E-cigarettes deliver cancer-causing chemicals that enter the body of teens who vape or smoke them, a new study has found.
The variety of vaping chemicals popular among teenagers are fruity flavors, which appear to be the most deadly, scientists reported Monday.
They stated teens who attempt vaping are poisoning themselves with much of the very same chemicals that make traditional cigarettes so dangerous.
Tests on teenagers show that those who smoke tobacco-based cigarettes have the highest levels of these chemicals in their bodies.
But researchers were surprised to find that those who vape e-cigarettes also have far greater levels of the cancer-causing chemicals than nonsmokers.
The study was carried out by an independent research group at the University of California, San Francisco.
“The presence of harmful ingredients in e-cigarette vapor has been established; we can now say that these chemicals are found in the body of human adolescents who use these products,” they composed in their report, released in the journal Pediatrics.
E-cigarettes utilize a device that provides fluid laced with nicotine and tastes, producing a smoke-like haze.
They’re promoted as a “safer” method to use over tobacco, with e-cigarette use typically called vaping.
A lot of traditional cigarette smokers use vaping as a method to stop tobacco smoking.
E-cigarettes found to be dangerous for teens who vape
However, public health groups, the cosmetic surgeon general’s office, and the Centers for Disease Control and Prevention fret about evidence that vaping can get teens addicted to nicotine, and will lead them to cigarette smoking cigarettes.
Many research studies support the theory that kids who vape are more likely to go on to utilize other tobacco items.
However, there hasn’t been much difficult proof about how straight dangerous e-cigarettes are.
Monday’s study reveals vaping provides harmful chemicals and possibly damaging chemicals.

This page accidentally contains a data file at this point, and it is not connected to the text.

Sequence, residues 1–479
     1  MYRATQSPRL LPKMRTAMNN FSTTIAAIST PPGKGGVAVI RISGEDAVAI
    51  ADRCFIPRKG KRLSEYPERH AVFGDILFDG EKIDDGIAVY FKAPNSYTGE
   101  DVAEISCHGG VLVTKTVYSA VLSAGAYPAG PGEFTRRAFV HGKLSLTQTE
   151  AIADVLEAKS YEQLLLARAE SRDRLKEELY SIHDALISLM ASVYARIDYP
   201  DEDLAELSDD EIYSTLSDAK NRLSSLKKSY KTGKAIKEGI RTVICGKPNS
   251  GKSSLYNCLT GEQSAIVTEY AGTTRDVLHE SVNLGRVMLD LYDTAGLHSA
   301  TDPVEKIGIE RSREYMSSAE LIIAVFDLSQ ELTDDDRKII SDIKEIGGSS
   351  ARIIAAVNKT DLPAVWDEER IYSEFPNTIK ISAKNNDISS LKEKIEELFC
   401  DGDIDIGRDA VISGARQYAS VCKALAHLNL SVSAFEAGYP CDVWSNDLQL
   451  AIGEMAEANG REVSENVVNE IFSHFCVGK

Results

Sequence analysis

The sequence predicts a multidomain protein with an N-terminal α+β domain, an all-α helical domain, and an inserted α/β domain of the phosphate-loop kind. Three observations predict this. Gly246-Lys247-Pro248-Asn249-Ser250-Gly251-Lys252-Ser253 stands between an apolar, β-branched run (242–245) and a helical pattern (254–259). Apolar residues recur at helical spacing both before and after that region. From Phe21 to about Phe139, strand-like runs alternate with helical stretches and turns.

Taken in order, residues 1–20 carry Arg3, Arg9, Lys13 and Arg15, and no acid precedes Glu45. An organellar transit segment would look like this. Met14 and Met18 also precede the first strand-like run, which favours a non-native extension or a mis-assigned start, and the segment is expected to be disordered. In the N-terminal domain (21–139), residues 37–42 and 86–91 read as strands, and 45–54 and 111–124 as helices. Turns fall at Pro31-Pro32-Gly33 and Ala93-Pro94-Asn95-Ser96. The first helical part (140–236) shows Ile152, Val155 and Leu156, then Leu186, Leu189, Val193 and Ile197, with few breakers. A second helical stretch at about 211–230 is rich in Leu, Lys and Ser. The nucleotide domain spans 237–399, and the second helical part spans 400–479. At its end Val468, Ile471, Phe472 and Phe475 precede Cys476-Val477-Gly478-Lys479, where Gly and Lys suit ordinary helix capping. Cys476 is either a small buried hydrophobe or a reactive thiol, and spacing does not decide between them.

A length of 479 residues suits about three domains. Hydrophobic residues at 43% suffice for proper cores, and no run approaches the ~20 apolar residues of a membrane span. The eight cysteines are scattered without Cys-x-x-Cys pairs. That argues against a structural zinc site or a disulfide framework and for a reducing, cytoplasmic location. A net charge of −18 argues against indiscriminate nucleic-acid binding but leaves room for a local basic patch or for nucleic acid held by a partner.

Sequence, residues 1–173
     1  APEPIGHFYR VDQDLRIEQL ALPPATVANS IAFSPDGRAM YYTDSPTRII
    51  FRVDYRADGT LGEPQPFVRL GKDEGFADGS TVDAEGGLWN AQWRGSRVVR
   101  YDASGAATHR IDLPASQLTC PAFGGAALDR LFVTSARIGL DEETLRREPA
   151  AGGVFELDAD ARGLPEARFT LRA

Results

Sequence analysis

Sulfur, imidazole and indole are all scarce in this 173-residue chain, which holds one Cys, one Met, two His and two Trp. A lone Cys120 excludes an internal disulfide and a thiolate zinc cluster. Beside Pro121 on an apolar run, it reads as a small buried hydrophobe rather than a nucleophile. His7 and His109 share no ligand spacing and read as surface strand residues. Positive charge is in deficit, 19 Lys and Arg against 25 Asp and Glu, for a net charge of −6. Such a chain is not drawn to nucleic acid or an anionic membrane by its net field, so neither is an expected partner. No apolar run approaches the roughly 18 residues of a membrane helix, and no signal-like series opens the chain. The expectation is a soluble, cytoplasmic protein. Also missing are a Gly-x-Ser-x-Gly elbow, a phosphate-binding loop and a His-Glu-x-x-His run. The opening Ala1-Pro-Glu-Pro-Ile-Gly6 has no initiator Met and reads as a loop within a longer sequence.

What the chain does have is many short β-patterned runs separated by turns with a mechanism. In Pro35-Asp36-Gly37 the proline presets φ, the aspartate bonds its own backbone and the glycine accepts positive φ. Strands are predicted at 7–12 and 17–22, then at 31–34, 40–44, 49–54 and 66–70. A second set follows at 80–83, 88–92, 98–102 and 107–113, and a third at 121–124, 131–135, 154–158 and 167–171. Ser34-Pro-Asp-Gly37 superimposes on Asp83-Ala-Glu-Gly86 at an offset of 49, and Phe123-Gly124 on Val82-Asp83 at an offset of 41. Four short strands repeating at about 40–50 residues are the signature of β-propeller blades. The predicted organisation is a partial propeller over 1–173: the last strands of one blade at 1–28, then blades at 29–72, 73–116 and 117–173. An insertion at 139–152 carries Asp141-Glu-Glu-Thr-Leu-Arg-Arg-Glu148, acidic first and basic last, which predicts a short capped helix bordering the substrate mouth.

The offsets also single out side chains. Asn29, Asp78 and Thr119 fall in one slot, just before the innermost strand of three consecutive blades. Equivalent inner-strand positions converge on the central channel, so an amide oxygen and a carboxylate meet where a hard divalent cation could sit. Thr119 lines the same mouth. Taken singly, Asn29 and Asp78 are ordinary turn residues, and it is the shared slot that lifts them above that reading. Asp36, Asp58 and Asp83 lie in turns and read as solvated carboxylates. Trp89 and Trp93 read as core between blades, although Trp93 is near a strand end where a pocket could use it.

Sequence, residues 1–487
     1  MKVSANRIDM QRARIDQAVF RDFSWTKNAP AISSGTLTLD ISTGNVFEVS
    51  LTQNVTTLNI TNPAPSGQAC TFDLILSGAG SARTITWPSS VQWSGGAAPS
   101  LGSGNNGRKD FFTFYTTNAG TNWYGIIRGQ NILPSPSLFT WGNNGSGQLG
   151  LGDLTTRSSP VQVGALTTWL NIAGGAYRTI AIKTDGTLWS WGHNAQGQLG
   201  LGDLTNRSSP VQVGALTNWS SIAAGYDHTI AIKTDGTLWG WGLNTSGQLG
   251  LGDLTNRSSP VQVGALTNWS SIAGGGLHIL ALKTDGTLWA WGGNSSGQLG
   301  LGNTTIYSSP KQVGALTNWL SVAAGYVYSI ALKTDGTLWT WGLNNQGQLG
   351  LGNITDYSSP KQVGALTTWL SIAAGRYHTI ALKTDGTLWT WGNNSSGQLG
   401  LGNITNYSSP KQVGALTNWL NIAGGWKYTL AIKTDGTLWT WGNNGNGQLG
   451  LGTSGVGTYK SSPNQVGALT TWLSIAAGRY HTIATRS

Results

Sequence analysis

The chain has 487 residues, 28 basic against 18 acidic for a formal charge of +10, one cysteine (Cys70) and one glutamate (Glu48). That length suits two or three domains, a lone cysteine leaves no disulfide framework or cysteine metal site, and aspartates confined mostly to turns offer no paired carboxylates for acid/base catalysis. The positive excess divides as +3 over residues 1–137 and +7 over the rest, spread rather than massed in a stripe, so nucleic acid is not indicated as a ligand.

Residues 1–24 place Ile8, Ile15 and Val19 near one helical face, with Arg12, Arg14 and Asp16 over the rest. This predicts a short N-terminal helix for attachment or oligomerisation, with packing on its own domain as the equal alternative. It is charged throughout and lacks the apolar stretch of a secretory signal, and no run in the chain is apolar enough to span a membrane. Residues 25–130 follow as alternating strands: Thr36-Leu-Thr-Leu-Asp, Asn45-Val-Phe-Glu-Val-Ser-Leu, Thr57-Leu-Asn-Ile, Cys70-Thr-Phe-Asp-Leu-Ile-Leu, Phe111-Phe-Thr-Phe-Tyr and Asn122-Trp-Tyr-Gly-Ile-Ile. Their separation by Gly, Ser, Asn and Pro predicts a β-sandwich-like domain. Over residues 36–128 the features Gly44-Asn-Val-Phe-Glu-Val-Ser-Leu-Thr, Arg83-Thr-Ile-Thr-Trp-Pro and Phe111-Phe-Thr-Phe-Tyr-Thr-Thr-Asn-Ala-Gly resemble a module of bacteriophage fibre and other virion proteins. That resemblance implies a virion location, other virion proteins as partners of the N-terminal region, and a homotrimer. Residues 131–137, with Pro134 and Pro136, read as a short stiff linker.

The chemicals are not listed on the active ingredients of the vaping liquid.
They’re found under the catch-all description of “flavorings” which allows manufacturers to “side-step” regulations, the scientists said.
Dr. Mark Rubinstein, of UCSF’s Division of Adolescent Medicine, and colleagues evaluated 67 teens who vape and compared them to 16 teenagers who both vape and smoke tobacco cigarettes and to 20 teens who do not utilize either kind of cigarette.
They tested their urine and saliva and asked questions about cigarette use.
Dangerous levels of toxic chemicals found
Those who used both types of cigarette had significantly higher levels of unsafe chemicals, including acrylonitrile, acrolein, propylene oxide, acrylamide and crotonaldehyde, the group reported.
And those who inhale just e-cigarettes had much greater levels than those who used neither product.
“Among our e-cigarette–only participants, the use of fruit-flavored products produced significantly higher levels of the metabolites of acrylonitrile,” they wrote.
“Acrylonitrile is a highly poisonous compound used widely in the manufacture of plastics, adhesives and synthetic rubber,” the National Center for Biotechnology Information says on its website.
Acrolein “is toxic to humans following inhalation, oral or dermal direct exposure,” the Environmental Protection Agency said.
Some studies reveal it can play a part in producing lung cancer, although the EPA noted that there is not adequate information to reveal whether it causes cancer in individuals.
Propylene oxide and crotonaldehyde are likely carcinogens, the EPA states, while acrylamide’s role in causing cancer is more questionable.
Other groups have actually found other potentially cancer-causing chemicals in e-cigarette vapor, including diacetyl, the chemical blamed for triggering “Popcorn lung” in employees at microwave popcorn product packaging plants.
Teens who vape are truning to vaping more frequently than they are smoking cigarettes, the CDC says.
The current report on teen smoking shows 20 percent of high school trainees have used a minimum of one tobacco product just recently– primarily e-cigarettes.
In 2016, 11 percent of high school students had actually utilized an e-cigarette in the previous 30 days at the time of the study– the CDC’s definition of present usage.
“Teenagers need to be warned that the vapor produced by e-cigarettes is not harmless water vapor, but actually contains some of the same toxic chemicals found in smoke from traditional cigarettes,” Rubinstein stated in a declaration about the disturbing findings.
“Teenagers should be inhaling air, not products with toxins in them.”